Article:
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The backlash against “forever wars” is no reason to abandon Iraq. Just don’t measure U.S. engagement by the number of troops.
This article is part of Election 2020: What We’re Missing, FP’s series of daily takes by leading global thinkers on the most important foreign-policy issues not being talked about during the presidential election campaign.
Iraqis demonstrate against corruption and lack of services on Sept. 7, 2018, in Tahrir Square in central Baghdad. AHMAD AL-RUBAYE/AFP VIA GETTY IMAGES
One critical foreign policy issue that has been almost entirely absent from the U.S. election debate is Iraq—and with it, the U.S. role in the wider Middle East.
The United States’ place in the world has been greatly shaped over the last 17 years by its presence in Iraq. Former U.S. President George W. Bush oversaw the start of the wars in Afghanistan and Iraq with a set of decisions that made them into “forever wars.” His successor, President Barack Obama, ran on a platform of bringing troops home from Iraq. Most U.S. soldiers were duly withdrawn by December 2011, even as Obama and then-Vice President Joe Biden ignored the ongoing civil strife in the country. But they could not ignore Iraq for long: By 2014, U.S. troops were back in Iraq to fight the Islamic State.
A reengaged United States could provide the political and economic support to sway Baghdad towards the political pluralism and liberal market policies that are needed in the Middle East.
Today, the United States is on course to draw down its troops once again—from 5,200 to 3,000 by the end of this year. No matter who wins the election next week, that number is unlikely to go back up, barring a major development such as the emergence of another international terrorist organization that threatens to destabilize the region.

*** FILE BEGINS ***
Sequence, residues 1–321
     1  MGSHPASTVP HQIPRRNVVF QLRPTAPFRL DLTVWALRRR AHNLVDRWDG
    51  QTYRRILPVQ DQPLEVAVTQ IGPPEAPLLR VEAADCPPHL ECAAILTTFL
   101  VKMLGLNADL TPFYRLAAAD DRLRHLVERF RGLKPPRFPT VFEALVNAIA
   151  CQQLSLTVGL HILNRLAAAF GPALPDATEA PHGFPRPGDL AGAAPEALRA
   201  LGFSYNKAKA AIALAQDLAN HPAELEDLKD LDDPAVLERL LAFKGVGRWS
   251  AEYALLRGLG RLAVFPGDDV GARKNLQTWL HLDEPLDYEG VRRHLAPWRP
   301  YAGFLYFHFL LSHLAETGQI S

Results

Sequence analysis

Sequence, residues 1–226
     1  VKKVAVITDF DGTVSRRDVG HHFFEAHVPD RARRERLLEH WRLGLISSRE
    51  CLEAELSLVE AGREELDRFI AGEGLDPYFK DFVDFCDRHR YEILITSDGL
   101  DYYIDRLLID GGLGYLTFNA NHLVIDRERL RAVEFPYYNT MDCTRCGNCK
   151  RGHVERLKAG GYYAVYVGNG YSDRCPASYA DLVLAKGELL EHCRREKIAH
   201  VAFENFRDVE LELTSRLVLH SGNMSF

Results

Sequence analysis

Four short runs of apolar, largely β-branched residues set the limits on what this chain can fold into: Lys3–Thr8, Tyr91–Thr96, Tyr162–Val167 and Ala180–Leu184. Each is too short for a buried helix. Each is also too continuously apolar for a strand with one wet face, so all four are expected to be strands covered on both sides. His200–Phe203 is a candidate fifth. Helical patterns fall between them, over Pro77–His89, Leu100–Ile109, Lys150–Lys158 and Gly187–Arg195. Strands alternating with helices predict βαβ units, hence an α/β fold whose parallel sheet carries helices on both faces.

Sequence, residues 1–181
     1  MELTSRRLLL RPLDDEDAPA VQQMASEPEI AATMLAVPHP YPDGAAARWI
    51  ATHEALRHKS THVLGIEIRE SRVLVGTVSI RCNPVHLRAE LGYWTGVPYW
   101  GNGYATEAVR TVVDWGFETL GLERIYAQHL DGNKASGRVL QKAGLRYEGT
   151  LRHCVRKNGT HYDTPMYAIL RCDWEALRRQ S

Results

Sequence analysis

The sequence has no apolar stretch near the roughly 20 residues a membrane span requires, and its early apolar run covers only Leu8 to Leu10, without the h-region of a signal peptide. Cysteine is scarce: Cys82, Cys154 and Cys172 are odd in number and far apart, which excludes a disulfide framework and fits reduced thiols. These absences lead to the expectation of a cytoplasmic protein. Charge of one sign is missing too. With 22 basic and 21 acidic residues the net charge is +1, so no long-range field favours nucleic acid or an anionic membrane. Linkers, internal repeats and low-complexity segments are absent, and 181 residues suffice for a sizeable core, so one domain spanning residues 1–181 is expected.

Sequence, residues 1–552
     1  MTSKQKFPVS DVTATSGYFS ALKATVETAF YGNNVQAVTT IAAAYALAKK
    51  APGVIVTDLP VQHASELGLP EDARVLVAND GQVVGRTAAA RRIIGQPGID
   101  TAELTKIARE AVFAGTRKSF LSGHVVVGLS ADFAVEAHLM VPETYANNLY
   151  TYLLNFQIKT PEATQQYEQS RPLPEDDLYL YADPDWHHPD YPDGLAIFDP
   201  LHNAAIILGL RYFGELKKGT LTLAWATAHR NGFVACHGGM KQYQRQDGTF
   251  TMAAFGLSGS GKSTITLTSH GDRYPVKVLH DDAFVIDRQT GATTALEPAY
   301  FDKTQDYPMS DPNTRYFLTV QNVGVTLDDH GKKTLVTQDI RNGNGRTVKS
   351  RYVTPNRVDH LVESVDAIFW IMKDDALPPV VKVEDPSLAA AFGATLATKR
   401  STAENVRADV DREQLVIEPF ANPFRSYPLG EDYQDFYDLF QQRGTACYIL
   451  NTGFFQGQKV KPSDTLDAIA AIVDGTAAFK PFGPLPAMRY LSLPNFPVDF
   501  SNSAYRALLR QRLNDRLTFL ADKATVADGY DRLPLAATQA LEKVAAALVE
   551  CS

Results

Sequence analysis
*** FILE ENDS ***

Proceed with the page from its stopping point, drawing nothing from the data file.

But there is every reason for Washington to stay engaged in Iraq, provided that this engagement is no longer measured by the number of its troops. Since leading a global coalition to remove Saddam Hussein’s regime in 2003, the United States continues to enjoy great influence in a country that is a linchpin of any U.S. strategy in the Middle East, not least due to the border it shares with Iran, Jordan, Kuwait, Saudi Arabia, Syria, and Turkey. Furthermore, Iraq has one of the world’s largest reserves of hydrocarbons, whose free flow will be essential to global economic growth for years to come.
Most Iraqis believe that the United States could help them overturn years of instability, internal conflict, and corruption. Whether this is realistic or not, a reengaged United States could provide the political and economic support to sway Baghdad towards the political pluralism and liberal market policies that are needed in the Middle East.
Iraq matters not only because of its economic and strategic potential, but also because of Iran. For better or worse, U.S. policies towards Iran spill into Iraq. When Washington ramped up sanctions on Iran, Iran increased its economic pressure on Iraq. And if Washington hopes to limit Tehran’s network of militias and armed groups in the region, it must do so in Iraq.
While both U.S. President Donald Trump and Biden have said that they are interested in reaching a deal with Iran, the nature of that deal will impact Iraq. Many Iraqis fear that a Biden administration would seek to revert to the Iranian nuclear agreement without restricting the activities of the Iranian Revolutionary Guard Corps and its proxies in Iraq. Similarly, they fear that a second Trump presidency could see a rush to strike a deal at almost any price that also fails to take Iraq’s fate into account. Both kinds of deals would shortchange Iraq—and the United States’ own strategic interests as well.
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